Kapilina Beach Homes residents report water issues, a year since Red Hill fuel leak

HONOLULU (HawaiiNewsNow) — It has been a year since a leak at the US Navy fuel storage facility in Red Hill contaminated a water system that supplies about 93,000 people on Oahu.

Despite reassurances from military leaders, residents of a community in Ewa Beach say they are still suffering the effects.

Volunteers, the Oahu Water Protectors and members of the Shut Down Red Hill Coalition distribute bottled water to residents of the Kapilina Beach Homes once a month to help families still impacted by the Red Hill fuel spill.

Former resident Xavier Bonilla moved to Los Angeles earlier this year after his son nearly died after using contaminated water.

“His body looked like he had a really bad sunburn where the skin was completely raised and red and then his throat closed up,” he said. “It’s been a horror year and it’s been a year of just trying to get our normalcy back in our lives, you know, when I moved out it took months for skin issues to go away.”

While the Navy says the system is safe, many residents don’t trust the water.

“There are still areas where people still get a film on their water, or they have an odor, or they still suffer from various symptoms,” said activist Hanaloa Helela.

“I’m so glad that they are willing to take volunteers and do what needs to be done because we don’t have the help of the people who unfortunately seem to have contaminated the water in the first place,” Jones said .

Military officials say they are expediting the facility’s safe defuelling, targeting July 2024 for completion.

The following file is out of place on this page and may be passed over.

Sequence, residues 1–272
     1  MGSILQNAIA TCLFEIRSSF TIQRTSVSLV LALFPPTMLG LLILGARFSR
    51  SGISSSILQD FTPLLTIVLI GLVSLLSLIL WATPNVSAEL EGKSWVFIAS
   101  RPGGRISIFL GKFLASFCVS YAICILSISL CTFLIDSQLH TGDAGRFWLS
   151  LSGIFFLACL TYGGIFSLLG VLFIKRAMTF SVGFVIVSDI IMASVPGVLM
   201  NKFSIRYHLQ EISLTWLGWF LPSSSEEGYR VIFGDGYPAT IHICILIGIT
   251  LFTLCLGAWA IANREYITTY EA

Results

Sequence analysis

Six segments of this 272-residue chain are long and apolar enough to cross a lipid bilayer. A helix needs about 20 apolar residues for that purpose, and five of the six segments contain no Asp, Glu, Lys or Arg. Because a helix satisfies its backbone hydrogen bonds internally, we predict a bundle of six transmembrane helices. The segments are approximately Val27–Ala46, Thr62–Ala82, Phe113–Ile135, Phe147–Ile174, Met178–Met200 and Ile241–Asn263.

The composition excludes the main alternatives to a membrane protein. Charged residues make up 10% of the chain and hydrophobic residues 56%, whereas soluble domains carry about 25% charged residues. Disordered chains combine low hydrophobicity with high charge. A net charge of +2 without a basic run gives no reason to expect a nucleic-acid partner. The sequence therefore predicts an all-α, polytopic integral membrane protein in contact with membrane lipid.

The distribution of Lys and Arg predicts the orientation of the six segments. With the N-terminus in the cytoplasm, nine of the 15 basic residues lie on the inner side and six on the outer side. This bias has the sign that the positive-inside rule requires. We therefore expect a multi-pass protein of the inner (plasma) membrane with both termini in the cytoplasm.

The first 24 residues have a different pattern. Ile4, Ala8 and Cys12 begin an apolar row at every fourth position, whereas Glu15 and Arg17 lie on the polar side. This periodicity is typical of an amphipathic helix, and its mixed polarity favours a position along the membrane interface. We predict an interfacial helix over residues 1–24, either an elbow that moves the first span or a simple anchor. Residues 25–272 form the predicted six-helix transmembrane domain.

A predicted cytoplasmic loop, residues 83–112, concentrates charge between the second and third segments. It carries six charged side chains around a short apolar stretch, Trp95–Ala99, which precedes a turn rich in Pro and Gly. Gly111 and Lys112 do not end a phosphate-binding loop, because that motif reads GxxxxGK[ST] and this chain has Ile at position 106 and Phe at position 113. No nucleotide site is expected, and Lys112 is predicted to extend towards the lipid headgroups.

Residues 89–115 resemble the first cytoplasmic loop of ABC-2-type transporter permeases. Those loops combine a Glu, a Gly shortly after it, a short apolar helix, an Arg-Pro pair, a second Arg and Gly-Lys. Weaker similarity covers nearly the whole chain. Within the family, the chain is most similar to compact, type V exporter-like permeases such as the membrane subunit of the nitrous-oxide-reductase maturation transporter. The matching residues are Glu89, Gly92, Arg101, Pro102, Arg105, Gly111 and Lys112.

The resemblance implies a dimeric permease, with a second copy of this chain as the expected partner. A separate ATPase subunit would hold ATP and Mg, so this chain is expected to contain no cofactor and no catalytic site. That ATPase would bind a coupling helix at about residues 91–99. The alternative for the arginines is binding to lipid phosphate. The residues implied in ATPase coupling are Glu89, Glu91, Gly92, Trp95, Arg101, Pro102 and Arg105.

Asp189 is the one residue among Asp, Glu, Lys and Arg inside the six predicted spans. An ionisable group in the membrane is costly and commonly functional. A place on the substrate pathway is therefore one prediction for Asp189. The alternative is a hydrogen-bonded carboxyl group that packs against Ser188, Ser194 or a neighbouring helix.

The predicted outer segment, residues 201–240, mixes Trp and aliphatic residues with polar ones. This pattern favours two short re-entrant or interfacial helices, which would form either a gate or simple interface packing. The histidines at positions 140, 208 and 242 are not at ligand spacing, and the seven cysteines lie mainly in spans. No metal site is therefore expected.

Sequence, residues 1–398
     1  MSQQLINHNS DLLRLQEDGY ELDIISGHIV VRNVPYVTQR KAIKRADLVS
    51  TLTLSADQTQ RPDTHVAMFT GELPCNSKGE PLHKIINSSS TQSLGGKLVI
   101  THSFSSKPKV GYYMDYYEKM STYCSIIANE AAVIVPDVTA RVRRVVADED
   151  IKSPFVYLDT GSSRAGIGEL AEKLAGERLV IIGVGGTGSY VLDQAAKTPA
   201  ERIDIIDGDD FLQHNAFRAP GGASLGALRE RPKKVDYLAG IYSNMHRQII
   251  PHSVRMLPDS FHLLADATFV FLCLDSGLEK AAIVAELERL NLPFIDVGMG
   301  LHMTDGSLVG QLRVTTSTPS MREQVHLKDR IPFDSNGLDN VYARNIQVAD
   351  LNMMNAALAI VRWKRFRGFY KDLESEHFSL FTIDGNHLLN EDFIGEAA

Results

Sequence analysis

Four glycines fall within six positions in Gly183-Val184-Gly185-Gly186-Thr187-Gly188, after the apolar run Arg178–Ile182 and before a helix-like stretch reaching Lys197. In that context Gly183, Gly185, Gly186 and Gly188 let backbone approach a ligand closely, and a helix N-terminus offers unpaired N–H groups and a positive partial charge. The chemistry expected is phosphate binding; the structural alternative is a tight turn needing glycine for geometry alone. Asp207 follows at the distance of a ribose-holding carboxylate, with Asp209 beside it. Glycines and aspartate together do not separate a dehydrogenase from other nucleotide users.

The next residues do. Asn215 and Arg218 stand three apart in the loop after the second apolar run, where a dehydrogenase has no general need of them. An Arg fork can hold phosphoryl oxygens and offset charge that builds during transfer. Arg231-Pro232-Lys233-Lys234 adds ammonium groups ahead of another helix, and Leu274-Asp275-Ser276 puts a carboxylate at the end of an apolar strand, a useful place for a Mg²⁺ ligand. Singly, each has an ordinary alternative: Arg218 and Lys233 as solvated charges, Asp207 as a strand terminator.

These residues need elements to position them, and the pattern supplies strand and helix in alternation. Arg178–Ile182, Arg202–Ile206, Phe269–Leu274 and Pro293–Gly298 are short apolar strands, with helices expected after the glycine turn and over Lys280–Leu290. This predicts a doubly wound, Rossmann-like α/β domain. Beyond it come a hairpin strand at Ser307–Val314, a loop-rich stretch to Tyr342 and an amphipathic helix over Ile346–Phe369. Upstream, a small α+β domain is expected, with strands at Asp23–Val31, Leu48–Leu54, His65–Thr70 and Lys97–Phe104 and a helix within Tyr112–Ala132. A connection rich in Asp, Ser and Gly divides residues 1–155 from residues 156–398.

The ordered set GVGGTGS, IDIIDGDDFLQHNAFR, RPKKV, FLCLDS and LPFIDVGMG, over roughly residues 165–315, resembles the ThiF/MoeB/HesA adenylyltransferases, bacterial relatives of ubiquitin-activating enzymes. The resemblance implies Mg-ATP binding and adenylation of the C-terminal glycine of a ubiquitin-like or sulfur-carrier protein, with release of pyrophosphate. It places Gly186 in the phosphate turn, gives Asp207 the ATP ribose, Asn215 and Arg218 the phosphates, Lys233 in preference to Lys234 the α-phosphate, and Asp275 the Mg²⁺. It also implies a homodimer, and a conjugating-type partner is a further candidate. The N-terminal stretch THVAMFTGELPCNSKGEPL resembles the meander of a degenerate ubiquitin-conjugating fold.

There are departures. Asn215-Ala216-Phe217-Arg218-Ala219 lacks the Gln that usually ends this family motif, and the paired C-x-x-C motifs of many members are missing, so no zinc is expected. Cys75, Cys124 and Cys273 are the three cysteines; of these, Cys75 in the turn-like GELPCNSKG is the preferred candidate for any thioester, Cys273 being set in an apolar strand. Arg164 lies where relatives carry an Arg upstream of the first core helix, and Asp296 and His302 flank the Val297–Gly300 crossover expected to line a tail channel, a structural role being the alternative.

Activists think this has been going on for too long and are holding protests this weekend demanding an immediate closure and more help for families.

“I just really hope the Navy actually does what it says. They keep claiming that they are good stewards of the country, but they haven’t shown it,” Bonilla said.

On Friday, the Joint Task Force-Red Hill hosted the first meeting of the Defueling Information Sharing Forum – a group of about a dozen local officials, elected leaders and community advocates.

“For the first time since this crisis, the military leadership came forward and said, ‘We want to take proactive steps to get feedback from a diverse group of local perspectives, you know, so we can communicate more effectively,'” said Sen. Jarrett Keohokalole, one of the forum members.

Keohokalole says any dialogue with the military is a good first step

“They said the things they haven’t wanted to say for a long time, which is that they understand they have to build trust going forward,” he said.

Other members participating in the forum are:

  • Councilor Radiant Cordero, Honolulu City Council (District 7)
  • dr Kaeo Duarte, Chairman of the Hawaii Fresh Water Council
  • dr Sylvia Hussey: Chief Executive Officer, Office of Hawaiian Affairs
  • Representative Linda Ichiyama: State Representative (District 32)
  • Fleet Master Chief David Isom, USN: Senior Enlisted Leader, US Indo-Pacific Command
  • Ernie Lau, Manager and Chief Engineer, Board of Water Supply
  • Kuhio Lewis, Chief Executive Officer, Council for Native Hawaiian Advancement
  • Jeff Mikulina: former CEO of the Blue Planet Foundation, former chapter president of the Sierra Club
  • Laurie Moore: Executive Director, Armed Services YMCA Honolulu
  • dr Vassilis Syrmos: Vice President for Research and Innovation at the University of Hawaii
  • Representative Ryan Yamane: State Representative (District 37)
  • Sen Donna Mercado Kim (District 14)

The next forum meeting is scheduled for January.

On Sunday, protesters will hold a convoy beginning at 11:30 a.m. at Pearlridge Mall, culminating with an initial stop at the Navy Exchange Center and Makalapa Gate.

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